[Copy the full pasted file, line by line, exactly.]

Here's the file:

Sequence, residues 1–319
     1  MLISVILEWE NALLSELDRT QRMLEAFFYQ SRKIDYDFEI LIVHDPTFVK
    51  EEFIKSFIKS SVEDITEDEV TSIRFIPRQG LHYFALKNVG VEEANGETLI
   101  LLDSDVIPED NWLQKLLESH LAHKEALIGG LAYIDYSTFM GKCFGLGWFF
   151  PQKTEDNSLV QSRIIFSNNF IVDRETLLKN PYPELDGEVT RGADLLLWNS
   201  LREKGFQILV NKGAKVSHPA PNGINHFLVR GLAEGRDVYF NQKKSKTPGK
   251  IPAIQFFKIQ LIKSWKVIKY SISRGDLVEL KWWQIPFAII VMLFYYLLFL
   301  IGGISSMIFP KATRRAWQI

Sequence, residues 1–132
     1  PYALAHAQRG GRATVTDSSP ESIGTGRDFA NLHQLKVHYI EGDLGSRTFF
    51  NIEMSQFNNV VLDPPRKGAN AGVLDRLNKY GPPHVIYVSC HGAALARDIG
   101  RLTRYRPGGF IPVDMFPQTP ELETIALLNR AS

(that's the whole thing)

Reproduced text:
Sequence, residues 1–319
     1  MLISVILEWE NALLSELDRT QRMLEAFFYQ SRKIDYDFEI LIVHDPTFVK
    51  EEFIKSFIKS SVEDITEDEV TSIRFIPRQG LHYFALKNVG VEEANGETLI
   101  LLDSDVIPED NWLQKLLESH LAHKEALIGG LAYIDYSTFM GKCFGLGWFF
   151  PQKTEDNSLV QSRIIFSNNF IVDRETLLKN PYPELDGEVT RGADLLLWNS
   201  LREKGFQILV NKGAKVSHPA PNGINHFLVR GLAEGRDVYF NQKKSKTPGK
   251  IPAIQFFKIQ LIKSWKVIKY SISRGDLVEL KWWQIPFAII VMLFYYLLFL
   301  IGGISSMIFP KATRRAWQI

Sequence, residues 1–132
     1  PYALAHAQRG GRATVTDSSP ESIGTGRDFA NLHQLKVHYI EGDLGSRTFF
    51  NIEMSQFNNV VLDPPRKGAN AGVLDRLNKY GPPHVIYVSC HGAALARDIG
   101  RLTRYRPGGF IPVDMFPQTP ELETIALLNR AS